In a world where a new book is published every hour, it's important to mark the ones that stand the test of time. Below are my recommendations.

The Mind is Flat - Nick Chater

To me, psychology books are interesting but not particularly applicable to everyday life; they focus on the mechanisms which make the brain work but hardly touch on the experience of having one. Conversely, books that focus on only what it means to better use your brain on a daily basis (say, those in the self-help section) tend to present logical solutions to specific problems but shy away from the mechanisms that make those solutions likely to work. The Mind Is Flat is a book that presents like the first, but has implications that feel like the best examples of the second. Chater demonstrates that the idea of “subconscious thought” doesn't exist and that the mental cycles needed to do math, remember a photo, or say “I love you” are entirely rooted in the present. His simplified model of the mind, if correct, explains how habits work, why dealing with trauma takes a huge amount of effort, and why your environment is the most important factor in determining your lifestyle, mental health, and ability to make changes. What I found most exciting is the possibility that the way people think, while very complex, is possible thanks to a few somewhat-simple processes. Buy it on Amazon.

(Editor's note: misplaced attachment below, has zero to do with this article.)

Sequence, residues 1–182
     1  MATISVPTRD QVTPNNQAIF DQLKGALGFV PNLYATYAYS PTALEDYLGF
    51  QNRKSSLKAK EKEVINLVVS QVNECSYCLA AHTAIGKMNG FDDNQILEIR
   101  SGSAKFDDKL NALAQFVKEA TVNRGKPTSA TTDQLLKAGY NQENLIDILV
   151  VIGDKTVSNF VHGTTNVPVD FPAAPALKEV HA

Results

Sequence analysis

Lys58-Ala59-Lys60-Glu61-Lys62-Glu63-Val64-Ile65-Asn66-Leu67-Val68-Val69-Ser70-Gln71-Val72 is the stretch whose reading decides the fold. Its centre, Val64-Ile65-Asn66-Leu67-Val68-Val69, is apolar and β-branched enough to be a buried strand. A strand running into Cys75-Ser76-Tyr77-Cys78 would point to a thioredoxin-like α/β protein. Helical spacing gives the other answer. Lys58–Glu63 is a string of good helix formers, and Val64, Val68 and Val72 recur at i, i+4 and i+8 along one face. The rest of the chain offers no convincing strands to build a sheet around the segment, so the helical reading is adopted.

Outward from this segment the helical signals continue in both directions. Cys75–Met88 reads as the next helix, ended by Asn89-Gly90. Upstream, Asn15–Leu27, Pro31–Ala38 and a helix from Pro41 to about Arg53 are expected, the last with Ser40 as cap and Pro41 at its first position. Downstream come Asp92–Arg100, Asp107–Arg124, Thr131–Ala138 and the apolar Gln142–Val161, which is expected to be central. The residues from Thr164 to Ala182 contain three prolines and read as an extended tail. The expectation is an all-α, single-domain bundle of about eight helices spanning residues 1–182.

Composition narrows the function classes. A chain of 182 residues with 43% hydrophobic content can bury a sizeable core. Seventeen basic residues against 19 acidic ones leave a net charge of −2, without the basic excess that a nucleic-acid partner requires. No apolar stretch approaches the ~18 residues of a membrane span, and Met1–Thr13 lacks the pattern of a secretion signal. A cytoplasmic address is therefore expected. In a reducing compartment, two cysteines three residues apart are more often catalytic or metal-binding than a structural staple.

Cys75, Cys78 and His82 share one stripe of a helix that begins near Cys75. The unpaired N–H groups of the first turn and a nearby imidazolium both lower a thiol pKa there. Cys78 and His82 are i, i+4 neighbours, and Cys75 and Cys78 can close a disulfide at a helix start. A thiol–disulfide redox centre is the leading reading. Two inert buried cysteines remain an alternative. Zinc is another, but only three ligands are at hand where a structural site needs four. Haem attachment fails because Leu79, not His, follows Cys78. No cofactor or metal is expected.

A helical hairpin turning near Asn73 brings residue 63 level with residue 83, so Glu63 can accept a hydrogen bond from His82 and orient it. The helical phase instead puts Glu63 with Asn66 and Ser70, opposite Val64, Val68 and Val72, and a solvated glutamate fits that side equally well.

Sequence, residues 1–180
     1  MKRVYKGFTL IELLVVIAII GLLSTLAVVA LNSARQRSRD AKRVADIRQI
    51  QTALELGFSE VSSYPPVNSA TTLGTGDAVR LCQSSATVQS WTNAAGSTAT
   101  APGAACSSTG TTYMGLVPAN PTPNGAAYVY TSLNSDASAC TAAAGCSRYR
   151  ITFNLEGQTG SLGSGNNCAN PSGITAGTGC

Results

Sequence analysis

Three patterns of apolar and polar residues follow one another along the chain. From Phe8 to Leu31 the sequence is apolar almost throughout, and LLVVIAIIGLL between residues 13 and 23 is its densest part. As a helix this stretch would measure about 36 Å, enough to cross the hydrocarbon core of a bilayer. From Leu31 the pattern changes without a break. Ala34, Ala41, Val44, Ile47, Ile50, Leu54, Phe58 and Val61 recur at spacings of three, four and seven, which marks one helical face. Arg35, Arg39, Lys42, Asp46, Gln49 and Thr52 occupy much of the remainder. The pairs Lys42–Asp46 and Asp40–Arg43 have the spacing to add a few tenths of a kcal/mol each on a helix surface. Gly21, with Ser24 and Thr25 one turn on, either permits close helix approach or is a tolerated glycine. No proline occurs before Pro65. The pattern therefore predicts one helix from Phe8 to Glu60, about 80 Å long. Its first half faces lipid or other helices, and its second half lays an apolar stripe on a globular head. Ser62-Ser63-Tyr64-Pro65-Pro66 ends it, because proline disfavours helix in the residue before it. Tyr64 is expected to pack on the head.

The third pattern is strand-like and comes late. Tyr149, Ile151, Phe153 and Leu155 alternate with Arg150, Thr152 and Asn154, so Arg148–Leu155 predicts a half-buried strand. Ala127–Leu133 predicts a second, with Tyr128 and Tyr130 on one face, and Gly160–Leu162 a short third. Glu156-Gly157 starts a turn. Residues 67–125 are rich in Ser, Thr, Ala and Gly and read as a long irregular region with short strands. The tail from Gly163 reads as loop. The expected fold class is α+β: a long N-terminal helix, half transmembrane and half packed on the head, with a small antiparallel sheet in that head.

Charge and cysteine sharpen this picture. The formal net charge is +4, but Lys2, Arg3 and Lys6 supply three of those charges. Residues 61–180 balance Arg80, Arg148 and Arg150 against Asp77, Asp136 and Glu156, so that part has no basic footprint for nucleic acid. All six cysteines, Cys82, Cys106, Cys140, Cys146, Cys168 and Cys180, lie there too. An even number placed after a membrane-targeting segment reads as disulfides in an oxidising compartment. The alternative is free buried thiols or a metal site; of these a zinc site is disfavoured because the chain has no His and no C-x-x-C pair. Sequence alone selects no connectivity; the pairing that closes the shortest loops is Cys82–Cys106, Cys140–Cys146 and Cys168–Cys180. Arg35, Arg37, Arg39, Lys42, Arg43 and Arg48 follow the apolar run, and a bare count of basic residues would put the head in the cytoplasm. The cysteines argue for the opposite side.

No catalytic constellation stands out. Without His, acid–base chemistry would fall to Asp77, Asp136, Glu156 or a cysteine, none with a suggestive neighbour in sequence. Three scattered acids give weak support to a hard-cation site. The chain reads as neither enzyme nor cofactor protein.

Thinking In Bets - Annie Duke

Everything that we do in business is about making the right bets, and enough of them, to create the outcomes we need to continue doing business. Sometimes the best way to practice navigating something as complex as business is to play games - for example, like poker. Annie Duke has accumulated more than $4 million in poker winnings in her career. In her book, Annie sheds some light on the methods she and her poker-playing friends used to understand the context of each hand, each opponent, and each potential card combination. One of the best lessons from this book is that events in life and work are unpredictable no matter how much preparation you do. It's normal, in fact expected, to be unable to make accurate predictions, and so the best thing that you can do is familiarize yourself with the variables at play and the scenarios that lead to the outcomes you prefer. Although Thinking In Bets is a book meant to draw parallels between poker and business, I believe the betting mindset has applications in most of life. Buy it on Amazon.

The Infinite Game - Simon Sinek